Terror attacks in Japan, Germany, Belgium, France, United States, Turkey, Bangladesh, Pakistan, Thailand, Egypt……etc. The last two years have made the world bleed like never before and unfortunately we are still in July. With so much of hatred and violence spreading across the globe like a deadly virus, traveling has sort of become a dangerous passion. Attacks at airports, at national holiday celebrations, shopping malls etc have cast pall of dread on regular activities and you never know when terror and/or heartbreak strikes. Apart from facing such a situation yourself, losing your loved ones to these mindless acts of hatred is a most traumatic experience and the well wishers of the victims ask themselves the big question, “Why did this happen?” every single day of their lives. Being a direct or indirect victim of violence of such kind is a massive torture and whether it is war, civil riot or terrorist attack, the bloodshed of the innocent (especially if it is of your loved one) is a heinous act.
It had been while I was watching reports of Munich terror attack on TV that my memory had churned up some very familiar old ghosts of pain and immediately Sanaa had appeared in front of my eyes like a blast from the past. As the newsreader reported on the terrorist’s intention of targeting children inside a McDonald outlet, smiles, childish laughter and happy squeals from another place and time came back to me in a rush. The city had been Old Sanaa and the time had been Jan-Feb 2015. I had visited Yemen on a work trip and although, the country had been unstable at the time of my arrival, nothing had prepared me for the nightmare which had followed. Yemen government had fallen apart during my stay and immediately thereafter Saudi Arabia had attacked it with full vengeance. Bombs had fallen from the sky like huge, hot flowers of death and destruction had wiped out one of the loveliest and most historically rich places on earth. Those have been moments when time had stretched till eternity and I had finally returned home shattered to the core. My nightmare, however despite being brought to safety had continued and everyday for many months, I had remained glued to news spilling out of Yemen. I had waited eagerly to know of the welfare of the people I had known, stayed with, laughed with, played along and loved a little; people who had left deep impressions in my heart.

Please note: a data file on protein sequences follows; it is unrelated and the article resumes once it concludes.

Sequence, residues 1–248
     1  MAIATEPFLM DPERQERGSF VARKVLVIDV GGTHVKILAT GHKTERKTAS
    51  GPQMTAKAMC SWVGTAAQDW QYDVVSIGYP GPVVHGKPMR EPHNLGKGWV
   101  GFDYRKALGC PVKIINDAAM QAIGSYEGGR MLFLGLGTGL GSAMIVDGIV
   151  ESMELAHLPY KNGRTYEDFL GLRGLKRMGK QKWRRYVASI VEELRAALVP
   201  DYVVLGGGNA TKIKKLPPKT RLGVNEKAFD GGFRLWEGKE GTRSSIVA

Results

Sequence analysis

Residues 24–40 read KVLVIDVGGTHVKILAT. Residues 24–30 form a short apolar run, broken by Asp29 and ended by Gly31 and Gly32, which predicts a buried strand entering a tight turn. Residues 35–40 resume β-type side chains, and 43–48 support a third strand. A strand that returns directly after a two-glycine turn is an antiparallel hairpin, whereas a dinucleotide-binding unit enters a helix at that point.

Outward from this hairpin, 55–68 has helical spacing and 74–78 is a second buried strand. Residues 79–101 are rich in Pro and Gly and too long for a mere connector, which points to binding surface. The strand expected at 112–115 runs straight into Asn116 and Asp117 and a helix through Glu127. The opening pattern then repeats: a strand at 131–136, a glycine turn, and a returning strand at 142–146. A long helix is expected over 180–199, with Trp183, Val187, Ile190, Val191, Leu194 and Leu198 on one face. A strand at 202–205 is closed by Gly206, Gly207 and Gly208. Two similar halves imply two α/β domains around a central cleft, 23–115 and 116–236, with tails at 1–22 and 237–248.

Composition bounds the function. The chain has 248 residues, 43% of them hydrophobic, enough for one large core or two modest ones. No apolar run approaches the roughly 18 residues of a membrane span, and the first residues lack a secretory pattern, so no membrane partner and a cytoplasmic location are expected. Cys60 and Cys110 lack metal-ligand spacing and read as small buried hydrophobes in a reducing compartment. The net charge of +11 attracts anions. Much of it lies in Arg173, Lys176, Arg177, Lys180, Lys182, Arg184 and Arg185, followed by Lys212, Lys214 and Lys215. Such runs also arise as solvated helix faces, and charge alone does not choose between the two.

I had wanted to know of their plight; if they had escaped the wrath of war, if their homes had been left intact, if they had money left for food and medicine and most importantly, if they were still alive. This is an unimaginable torture, which I had continued to do to myself for months, until a deadly shock had informed me of the entire family of a very close friend in Taiz being wiped out in an air strike. The news had left me numb and after that I had discontinued following up on the Yemeni destruction. Travel, as I mentioned, often brings a lot of pain in today’s world and Yemen is the most beautiful, yet heartbreaking experience of my career. The ancient land of the Queen of Sheba, is unrecognizable today and the gorgeous UNESCO World Heritage Site of Old Sanaa hardly exists anymore. This brings me back to the blast from the past which had attacked me while watching TV last night and I had tossed uneasily once again, in desperate hope that some of my memories of Old Sanaa may have escaped from being wiped out. This photo essay is dedicated to those familiar ghosts of Old Sanaa, most of whom no longer exist today and now all I can do is say a prayer.
RESPONSIBLE TRAVELING-BECAUSE I CARE